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Sword Care

Sword Care

Care for Swords, Daggers, Axes and Polearms etc

For shipping purposes the swords come to you with an oil base product on it, or the blades will be lacquered. However, you need to keep a coating of oil or lacquer when the sword is not in use to prevent it from gathering rust. You may use any industrial oil like WD40 or any clear lacquer. If you wish to lacquer your blade and it arrives with an oil coat (you will know the difference) use lacquer thinner to first clean the blade and let it air dry. Test by wiping with a cotton cloth. It should be completely clean. Lacquer thinner will work far better than paint thinner, alcohol, acetone or other solvents. You may then put 4-6 coats as above. Do not use vegetable oil as it will go rancid. If your weapon is made from stainless steel you need not keep it oiled. One final note, the single most important thing when storing or displaying your sword or dagger is, if it has a leather scabbard, do not leave it in the scabbard. This goes even for stainless steel blades. It is, of course, fine to use a scabbard when carrying your weapon, but it simply should not be left in the scabbard for long periods of time.

Using Your Weapon

All of our swords and daggers will stand up to swordplay, both stage combat and reenactments. This by any means does not mean that the blades are indestructible. No matter what the claim, any blade can be damaged in use. Our weapons are well tempered, and because of this are hard enough to take a very good edge yet are not so hard that they do not retain a good spring action. You have no doubt heard about Rockwell hardness. Many modern companies give a Rockwell hardness figure for their product and the general concept is harder the better. This however, especially for a sword blade is erroneous. First of all Rockwell hardness is meant to measure tool hardness and not as many people think, for blades. In a tool, depending on its use, the Rockwell hardness of the working surface is usually a small section of that tool. Over a longer surface the Rockwell will vary up and down the length of the blade 2 to 3 degrees. A knife with a high Rockwell number, once it gets dull is very hard to resharpen it. A sword that is too soft or untempered will not break, but will simply bend and stay bent and if it sharpened it will not hold an edge. Understanding that Rockwell hardness is for tools, not swords and daggers, our blades will range from about 45 to 49 on a Rockwell scale. Hard enough to take and hold a good edge, not so hard to break easily or be difficult to resharpen. When using your sword for swordplay we cannot stress enough that you should wear proper protection for eyes and face, as well as your full body. Even an unsharpened sword can cause serious injury and if precaution is not used easily break bone. In fighting with sword on sword, the opponents blade should be parried with the side of the blade. Edge to edge sword blows will nick both weapons no matter what the steel or temper. Also slapping with the side of the blade should be avoided as a very hard slap can break the blade. These simple truths go for not just our weapons but for any sword that was ever made and no doubt for any sword that ever will be made.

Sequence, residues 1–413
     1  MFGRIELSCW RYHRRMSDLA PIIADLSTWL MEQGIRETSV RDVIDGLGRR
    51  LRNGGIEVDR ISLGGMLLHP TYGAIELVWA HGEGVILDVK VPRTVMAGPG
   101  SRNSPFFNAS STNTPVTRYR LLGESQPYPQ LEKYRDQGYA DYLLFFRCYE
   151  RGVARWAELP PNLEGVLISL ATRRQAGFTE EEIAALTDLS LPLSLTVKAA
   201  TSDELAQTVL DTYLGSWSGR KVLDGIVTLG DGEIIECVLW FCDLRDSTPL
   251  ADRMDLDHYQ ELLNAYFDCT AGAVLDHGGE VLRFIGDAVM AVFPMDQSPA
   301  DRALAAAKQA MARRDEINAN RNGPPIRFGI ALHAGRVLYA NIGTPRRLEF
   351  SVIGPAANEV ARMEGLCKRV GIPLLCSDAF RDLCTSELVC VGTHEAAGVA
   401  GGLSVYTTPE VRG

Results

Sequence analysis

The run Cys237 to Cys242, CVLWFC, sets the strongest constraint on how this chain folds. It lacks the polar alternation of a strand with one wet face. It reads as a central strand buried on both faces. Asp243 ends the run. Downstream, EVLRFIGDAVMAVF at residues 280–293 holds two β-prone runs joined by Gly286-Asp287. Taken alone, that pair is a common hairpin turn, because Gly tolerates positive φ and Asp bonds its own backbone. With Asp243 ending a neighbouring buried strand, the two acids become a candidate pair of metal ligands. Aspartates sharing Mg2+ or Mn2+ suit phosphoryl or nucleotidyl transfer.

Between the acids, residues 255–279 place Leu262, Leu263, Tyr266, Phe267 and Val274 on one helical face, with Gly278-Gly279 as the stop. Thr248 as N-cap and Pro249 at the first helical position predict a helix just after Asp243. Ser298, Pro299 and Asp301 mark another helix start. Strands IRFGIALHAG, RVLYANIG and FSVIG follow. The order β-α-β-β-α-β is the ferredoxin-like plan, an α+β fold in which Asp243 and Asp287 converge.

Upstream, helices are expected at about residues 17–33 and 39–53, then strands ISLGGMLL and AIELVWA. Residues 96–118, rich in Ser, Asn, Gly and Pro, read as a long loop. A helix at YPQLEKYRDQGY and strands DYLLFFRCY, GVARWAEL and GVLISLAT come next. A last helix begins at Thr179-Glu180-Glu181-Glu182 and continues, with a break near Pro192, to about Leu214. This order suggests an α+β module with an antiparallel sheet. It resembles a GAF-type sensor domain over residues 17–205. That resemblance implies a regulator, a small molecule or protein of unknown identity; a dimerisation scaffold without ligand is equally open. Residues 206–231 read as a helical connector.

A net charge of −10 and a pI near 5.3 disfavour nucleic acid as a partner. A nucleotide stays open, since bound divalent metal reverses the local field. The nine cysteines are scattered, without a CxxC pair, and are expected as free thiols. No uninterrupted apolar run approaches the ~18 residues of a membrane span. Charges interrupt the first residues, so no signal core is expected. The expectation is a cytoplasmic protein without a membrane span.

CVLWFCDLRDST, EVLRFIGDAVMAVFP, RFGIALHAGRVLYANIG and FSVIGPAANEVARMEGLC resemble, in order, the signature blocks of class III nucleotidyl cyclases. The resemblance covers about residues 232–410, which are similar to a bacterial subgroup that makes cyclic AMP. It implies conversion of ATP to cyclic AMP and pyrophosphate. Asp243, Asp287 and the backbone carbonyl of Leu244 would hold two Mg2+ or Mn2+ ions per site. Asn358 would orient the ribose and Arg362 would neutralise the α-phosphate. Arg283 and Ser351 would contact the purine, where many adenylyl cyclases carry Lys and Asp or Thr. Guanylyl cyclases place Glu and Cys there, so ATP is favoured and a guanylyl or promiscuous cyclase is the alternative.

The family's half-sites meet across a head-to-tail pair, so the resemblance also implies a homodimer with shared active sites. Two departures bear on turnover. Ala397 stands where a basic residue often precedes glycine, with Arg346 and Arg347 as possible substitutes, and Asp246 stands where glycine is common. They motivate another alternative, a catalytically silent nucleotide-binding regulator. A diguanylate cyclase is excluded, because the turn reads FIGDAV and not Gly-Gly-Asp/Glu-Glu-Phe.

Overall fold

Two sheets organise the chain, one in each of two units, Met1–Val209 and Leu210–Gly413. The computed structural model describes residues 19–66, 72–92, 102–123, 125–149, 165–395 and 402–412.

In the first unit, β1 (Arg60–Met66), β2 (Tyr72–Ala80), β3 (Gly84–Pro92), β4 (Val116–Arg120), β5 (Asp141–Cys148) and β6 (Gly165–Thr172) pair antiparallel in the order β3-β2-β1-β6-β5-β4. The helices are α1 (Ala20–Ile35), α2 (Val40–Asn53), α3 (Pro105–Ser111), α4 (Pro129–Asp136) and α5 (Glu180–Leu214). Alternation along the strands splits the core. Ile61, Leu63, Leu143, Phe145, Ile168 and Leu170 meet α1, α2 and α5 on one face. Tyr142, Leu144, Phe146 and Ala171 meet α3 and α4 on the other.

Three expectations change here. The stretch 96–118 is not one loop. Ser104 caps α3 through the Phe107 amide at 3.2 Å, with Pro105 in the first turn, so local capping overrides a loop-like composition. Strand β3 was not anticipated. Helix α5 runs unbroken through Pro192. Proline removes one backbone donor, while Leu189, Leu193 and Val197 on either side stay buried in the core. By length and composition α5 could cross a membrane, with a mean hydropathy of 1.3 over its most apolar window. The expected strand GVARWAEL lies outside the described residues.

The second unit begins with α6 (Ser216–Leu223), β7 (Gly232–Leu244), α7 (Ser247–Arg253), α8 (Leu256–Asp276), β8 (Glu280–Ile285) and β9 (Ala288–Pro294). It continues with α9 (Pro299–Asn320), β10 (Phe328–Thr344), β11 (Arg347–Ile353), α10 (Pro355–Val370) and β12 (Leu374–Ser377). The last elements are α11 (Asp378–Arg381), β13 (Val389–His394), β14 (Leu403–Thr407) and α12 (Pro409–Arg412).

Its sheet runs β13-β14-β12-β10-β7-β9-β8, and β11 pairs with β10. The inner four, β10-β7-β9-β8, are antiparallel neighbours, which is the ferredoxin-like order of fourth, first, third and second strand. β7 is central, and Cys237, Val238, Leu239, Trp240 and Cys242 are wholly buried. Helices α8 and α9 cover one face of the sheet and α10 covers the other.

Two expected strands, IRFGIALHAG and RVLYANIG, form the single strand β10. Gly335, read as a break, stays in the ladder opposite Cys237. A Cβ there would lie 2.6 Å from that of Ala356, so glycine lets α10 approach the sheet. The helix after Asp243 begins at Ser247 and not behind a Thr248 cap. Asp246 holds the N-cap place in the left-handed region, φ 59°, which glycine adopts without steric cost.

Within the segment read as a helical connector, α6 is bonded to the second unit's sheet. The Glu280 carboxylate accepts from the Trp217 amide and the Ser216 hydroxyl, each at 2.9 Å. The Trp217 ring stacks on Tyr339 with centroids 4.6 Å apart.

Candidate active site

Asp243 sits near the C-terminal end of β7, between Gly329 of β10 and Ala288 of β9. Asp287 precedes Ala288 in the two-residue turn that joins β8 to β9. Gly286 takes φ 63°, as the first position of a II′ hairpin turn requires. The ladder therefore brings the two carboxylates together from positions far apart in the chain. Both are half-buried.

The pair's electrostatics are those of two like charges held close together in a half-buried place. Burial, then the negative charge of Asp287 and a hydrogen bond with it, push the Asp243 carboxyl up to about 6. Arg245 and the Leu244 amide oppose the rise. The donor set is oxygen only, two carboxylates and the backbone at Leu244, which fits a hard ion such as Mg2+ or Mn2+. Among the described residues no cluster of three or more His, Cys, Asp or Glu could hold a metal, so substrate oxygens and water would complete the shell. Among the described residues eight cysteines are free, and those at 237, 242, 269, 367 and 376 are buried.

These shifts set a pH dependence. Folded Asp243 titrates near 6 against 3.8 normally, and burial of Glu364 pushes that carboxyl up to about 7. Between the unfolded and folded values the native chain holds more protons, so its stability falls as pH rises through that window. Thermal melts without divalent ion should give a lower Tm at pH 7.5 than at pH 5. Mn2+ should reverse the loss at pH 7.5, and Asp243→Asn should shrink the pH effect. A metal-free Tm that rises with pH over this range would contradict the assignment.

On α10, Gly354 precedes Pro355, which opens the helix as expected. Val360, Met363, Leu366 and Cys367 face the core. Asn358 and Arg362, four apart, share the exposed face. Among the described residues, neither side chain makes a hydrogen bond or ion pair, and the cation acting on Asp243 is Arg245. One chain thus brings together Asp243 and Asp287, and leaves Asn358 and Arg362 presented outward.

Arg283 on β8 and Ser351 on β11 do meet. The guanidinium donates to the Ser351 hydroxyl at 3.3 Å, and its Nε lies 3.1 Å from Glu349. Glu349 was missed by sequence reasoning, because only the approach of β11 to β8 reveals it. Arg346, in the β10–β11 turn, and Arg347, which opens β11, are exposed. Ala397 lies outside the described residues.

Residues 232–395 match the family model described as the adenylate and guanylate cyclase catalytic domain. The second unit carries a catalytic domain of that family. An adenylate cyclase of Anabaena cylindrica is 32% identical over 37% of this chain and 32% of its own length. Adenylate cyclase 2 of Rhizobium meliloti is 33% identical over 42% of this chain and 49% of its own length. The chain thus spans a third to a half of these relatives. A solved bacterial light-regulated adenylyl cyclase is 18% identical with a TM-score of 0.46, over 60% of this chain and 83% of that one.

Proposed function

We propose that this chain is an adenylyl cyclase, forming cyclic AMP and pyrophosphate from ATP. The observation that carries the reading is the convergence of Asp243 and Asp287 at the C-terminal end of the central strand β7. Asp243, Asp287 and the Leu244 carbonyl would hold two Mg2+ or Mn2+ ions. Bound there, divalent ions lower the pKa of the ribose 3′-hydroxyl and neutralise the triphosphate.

Care For Mail, Helmets And Armour

Your mail shirt or coif will come to you with a heavy coat of oil on it. The easiest way to remove this oil is by dipping it or allowing it to soak in lacquer thinner. Once the oil is removed, moisture in the air and perspiration will cause rust to form. There is really no way to avoid this. The best way to remove light rust is to put the mail piece into a sack or pillow case with fine sand and shake it vigorously until the rust is removed. You may wish to spray a clear silicone coat on the mail. This helps to slow rust down. The best thing is to do after use is clean it with sand. If you are going to store the mail for a longer period of time, the best thing is to oil it again and keep it in a dry place. The oil can be easily removed again. Your helmet or armour can be lacquered or oiled or simply keep it dry and wipe it down with a clean cotton cloth after wearing or handling it.

Copyed from Atlanta Cutlery

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